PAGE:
Snow King’s MasqueParade – February 15, 2020

Fire moves from ground to sky in this celebration of local creativity and winter. A bonfire is lit as the Snow King and Lady Spring–both giant-sized puppets come to life, move into the town’s ‘Spirit Square’. Fire dancers perform along with other larger-than-life characters who perform skits for the townspeople surrounding the hub. Drumming and music fuels dancing for both performers and spectators, building momentum until a finale of fireworks litters the sky.

Photo courtesy of Kicking Horse Culture.

If you’re looking for the essence of Golden’s locals, this event is where to find it. 

The Snow King’s MasqueParade isn’t an event that was put together for visitors,” says Andy Brown, part of the tourism team for Golden. “It’s put together by people who know what it is like to live in a mountain town and love the lifestyle … this is Golden’s way of celebrating our piece of the mountains and the culture that comes with it.”


Snowflake Fest and Taste of the Valley – January 16, 2021

Need some inspiration to get into the cold? Perhaps ice-skating or cross-country skiing on their Guinness World Record trail “The Whiteway” on Lake Windermere during Invermere’s winter festivals will get you motivated. (The Whiteway is closed for the 2019/20 season.)

“Our 34-km groomed trail around Windermere Lake, is the Guinness World Records as the longest skating trail,” says town spokesperson Ken Wilder, “and many of the events during the Snowflake Festival are centred around this trail and the lake.”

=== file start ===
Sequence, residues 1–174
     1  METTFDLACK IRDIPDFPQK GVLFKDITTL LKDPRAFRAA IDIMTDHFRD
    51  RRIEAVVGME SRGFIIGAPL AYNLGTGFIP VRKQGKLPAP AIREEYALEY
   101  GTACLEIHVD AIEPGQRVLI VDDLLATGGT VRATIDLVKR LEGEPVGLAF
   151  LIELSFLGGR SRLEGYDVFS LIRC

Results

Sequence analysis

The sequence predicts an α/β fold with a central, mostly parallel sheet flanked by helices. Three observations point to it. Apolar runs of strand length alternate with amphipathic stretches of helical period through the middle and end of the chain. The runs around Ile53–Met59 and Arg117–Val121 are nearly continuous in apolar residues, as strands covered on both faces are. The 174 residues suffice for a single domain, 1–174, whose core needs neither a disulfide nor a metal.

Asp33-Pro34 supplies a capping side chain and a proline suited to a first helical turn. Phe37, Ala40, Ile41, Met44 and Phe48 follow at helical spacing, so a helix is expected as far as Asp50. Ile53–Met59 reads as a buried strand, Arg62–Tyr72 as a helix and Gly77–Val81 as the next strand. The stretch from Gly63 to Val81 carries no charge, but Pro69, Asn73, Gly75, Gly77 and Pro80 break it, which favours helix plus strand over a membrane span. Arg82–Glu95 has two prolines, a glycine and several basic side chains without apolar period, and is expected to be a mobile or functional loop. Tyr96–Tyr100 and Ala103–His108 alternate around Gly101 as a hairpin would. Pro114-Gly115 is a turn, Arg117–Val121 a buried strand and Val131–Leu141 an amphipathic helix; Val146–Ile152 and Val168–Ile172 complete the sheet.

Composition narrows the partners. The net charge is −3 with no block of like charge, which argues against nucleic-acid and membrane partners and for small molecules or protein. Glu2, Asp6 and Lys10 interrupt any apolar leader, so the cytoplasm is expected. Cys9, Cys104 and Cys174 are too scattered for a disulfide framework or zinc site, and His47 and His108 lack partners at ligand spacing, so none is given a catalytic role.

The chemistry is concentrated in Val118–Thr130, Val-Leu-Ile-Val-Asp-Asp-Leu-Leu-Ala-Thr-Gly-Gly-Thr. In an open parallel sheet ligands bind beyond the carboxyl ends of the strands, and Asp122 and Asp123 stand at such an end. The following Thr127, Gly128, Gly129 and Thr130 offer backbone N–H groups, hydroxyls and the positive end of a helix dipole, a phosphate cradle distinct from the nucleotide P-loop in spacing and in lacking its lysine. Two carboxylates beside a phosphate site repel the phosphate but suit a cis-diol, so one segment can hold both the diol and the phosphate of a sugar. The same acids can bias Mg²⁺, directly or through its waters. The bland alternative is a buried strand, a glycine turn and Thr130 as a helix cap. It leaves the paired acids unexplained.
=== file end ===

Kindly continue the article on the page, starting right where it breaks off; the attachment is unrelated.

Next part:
The Whiteway on Lake Windermere; photo by RipTide Studios

If you’re needing more than skiing, we suggest jumping in a game of snow golf, or taking part in the Pond Hockey Championships (Jan 22-24, 2021), or trying out Bonspiel-on the-Lake (Jan 15-11, 2021).

After all that action, festival-goers will need refuelling. Lucky for them, the ‘Taste of the Valley’ culinary showcase is also a key part of the day’s festivities.


Flannel Fest – February 14, 2020

Dress up Kootenay-style in your favourite flannel, as the best dressed “in-show” will be crowned the Queen and King of Flannel Fest.  Other activities include a lazer light show with various DJs, Snow Bocce, Platzl hockey, an Artisan Market and Snow Sculptures – all taking place in Kimberley’s downtown Platzl. 


Winter Kick-off Festival – November 20 to December 6, 2020

Nelson’s Winter Kick-off Festival is back for another year to get you stoked for winter – in true Kootenay-style. Find out why the Nelson Kootenay Lake area loves winter. From live music performances to workshops and tours, come stay, play and find awesome!  

Immerse yourself with winter, while celebrating over the 10 days with the Winter Carnival, food & beverage activities, film screenings, food tours, craft fairs, culinary attractions, brewery crawls, arts & culture, mural tours, live music & more!